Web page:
OSCD Sprint #2: Simulation, Detection & Response
It's been a while since the First OSCD Sprint, dedicated to Threat Detection. This time we will focus on multiple areas of practical CyberSecurity. You can find a detailed backlog here. Below is a general description of the sprint and areas of work.
Goals- Improve MITRE ATT&CK coverage of open source Sigma rules and Atomic Red Team tests
- Improve cross-coverage of Sigma rules and Atomic Red Team tests
- Improve ATC RE&CT coverage of open source TheHive Responders
The plan1. Two weeks-long sprint starts October 5, 2020
2. Participants pick up tasks from the backlog or contribute other analytics
3. Participants use special guideline which will help to get familiar with the workflow
4. Results will be collected, reviewed, and pushed to projects' repositories on GitHub
Threat DetectionThere is the Sigma project — Generic Signature Format for SIEM Systems. It has a converter that generates searches/queries for different SIEM systems and a set of Detection Rules.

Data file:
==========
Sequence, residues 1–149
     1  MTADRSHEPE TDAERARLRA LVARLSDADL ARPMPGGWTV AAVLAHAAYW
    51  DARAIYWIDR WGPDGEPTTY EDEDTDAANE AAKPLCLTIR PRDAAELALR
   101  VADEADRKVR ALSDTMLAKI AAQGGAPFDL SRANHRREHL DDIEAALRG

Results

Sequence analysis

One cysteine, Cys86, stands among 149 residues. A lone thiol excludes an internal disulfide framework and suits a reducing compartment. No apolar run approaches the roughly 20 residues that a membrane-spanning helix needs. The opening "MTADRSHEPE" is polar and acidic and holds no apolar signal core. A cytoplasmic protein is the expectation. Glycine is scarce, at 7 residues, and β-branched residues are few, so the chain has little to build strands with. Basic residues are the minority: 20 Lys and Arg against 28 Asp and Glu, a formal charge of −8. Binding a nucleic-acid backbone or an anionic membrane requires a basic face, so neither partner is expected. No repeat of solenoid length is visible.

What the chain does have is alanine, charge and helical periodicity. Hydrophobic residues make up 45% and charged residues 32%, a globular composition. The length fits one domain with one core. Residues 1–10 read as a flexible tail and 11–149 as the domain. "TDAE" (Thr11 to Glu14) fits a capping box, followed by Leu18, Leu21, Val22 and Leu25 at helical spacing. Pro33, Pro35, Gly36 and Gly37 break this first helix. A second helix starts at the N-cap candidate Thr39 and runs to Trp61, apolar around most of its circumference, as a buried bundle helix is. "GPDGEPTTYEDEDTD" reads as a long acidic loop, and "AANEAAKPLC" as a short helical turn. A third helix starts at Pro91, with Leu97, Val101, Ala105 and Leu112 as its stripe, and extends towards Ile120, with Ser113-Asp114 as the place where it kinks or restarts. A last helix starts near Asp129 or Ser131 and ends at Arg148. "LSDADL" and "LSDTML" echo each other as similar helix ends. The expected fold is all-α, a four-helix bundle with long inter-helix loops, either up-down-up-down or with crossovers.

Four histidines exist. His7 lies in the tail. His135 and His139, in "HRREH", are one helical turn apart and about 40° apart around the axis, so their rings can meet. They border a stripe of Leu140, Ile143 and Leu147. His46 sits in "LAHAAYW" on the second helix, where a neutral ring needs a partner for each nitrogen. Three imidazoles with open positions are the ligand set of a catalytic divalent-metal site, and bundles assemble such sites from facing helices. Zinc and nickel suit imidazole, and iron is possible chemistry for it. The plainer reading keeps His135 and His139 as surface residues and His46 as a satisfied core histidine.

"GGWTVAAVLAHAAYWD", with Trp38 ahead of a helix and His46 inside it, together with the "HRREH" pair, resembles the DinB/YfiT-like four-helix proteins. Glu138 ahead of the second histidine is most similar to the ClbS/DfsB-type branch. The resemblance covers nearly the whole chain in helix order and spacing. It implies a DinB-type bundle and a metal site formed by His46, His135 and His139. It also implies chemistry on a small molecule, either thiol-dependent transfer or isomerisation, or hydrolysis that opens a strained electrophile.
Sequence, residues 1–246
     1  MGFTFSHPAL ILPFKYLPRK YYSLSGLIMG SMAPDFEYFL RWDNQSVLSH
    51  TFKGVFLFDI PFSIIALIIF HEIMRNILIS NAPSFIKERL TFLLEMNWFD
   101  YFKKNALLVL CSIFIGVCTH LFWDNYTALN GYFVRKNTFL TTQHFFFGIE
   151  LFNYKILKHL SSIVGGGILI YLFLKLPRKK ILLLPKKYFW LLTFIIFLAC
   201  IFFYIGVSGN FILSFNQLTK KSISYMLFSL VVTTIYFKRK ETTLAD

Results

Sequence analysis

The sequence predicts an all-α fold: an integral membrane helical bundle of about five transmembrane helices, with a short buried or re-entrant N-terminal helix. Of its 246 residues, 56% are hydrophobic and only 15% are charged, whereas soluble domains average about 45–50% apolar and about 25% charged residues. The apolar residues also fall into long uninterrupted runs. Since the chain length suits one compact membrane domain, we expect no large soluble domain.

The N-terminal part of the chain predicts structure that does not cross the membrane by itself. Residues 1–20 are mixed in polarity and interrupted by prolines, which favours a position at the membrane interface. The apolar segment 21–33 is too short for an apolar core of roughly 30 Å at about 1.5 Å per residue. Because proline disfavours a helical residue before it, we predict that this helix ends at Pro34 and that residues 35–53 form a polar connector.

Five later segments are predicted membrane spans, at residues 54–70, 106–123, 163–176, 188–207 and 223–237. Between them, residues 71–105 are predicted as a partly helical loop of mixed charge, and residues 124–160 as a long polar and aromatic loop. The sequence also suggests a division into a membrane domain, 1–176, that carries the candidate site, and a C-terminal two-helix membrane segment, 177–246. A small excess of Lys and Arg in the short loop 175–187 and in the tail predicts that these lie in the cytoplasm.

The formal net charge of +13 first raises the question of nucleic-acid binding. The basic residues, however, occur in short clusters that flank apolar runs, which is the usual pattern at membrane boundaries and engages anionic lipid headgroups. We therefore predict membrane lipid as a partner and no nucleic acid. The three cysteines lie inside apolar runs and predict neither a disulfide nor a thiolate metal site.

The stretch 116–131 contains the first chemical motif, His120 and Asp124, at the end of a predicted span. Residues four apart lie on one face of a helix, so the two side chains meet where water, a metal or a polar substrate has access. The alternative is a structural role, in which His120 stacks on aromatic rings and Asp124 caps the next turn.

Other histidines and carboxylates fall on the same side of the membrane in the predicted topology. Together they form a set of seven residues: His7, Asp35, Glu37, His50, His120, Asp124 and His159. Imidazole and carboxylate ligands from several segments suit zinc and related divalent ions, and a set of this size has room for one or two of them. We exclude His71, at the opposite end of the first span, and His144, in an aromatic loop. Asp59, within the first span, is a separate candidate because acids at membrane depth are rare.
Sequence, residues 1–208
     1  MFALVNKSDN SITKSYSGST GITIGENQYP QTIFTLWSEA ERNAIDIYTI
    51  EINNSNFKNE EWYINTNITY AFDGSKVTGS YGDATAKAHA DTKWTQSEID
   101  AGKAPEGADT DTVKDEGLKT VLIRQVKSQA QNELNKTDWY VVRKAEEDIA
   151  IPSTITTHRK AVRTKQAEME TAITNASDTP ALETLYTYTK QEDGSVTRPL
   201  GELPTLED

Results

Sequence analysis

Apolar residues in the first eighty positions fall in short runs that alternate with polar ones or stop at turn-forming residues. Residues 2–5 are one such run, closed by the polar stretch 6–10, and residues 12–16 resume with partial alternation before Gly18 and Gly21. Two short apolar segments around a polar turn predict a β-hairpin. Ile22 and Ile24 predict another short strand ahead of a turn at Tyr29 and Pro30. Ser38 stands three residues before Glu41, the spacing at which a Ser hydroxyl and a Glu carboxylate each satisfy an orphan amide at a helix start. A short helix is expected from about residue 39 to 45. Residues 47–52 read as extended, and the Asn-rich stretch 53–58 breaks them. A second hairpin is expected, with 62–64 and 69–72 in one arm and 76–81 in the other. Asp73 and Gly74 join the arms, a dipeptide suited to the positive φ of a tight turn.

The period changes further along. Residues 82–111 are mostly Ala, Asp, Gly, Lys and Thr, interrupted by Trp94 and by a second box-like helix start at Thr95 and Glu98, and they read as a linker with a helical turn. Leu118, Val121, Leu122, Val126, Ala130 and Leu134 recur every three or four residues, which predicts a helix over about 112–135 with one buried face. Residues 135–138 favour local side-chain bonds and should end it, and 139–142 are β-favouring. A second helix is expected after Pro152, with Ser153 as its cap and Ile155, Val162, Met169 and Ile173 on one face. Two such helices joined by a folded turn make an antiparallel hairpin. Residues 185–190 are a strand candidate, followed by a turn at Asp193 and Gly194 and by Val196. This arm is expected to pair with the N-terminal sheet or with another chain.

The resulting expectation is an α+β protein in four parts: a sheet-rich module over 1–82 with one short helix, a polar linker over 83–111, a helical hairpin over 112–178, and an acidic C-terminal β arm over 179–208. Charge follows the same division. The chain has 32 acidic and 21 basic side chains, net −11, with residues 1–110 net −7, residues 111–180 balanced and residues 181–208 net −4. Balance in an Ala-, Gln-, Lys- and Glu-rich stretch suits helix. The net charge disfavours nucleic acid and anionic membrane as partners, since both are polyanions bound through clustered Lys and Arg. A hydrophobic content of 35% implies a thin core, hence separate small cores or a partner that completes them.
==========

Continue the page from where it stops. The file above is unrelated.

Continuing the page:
With time, the Sigma project ruleset has become the biggest (more than 600 rules) and the most mature community-driven Detection Rules set. This is the place where you could find Detection Rules for emerging threats (i.e. Windows DNS Server RCE CVE-2020-1350 exploit), adversary simulations tools (Empire, Cobalt Strike), adversary behaviors (Token stealing), and many more. Most of the rules are mapped to the MITRE ATT&CK framework.
Even if you are not using Sigma converter, you still can benefit from its ruleset. Most of the advanced security teams are subscribed to the Sigma Project updates on GitHub. It's a good time to do so if you haven't yet.
There are some critical gaps in the Sigma ruleset and plenty of decent publicly available Threat Detection analytics that haven't been added to the ruleset yet. That's what we decided to focus on. A detailed backlog on Threat Detection could be found here.
Adversary SimulationThere is the Atomic Red Team project — small and highly portable detection tests based on MITRE's ATT&CK. It allows every security team to test their controls by executing simple "atomic tests" that exercise the same techniques used by adversaries.
With time, Atomic Red Team tests set has become the biggest and the most mature community-driven Adversary Simulation tests set.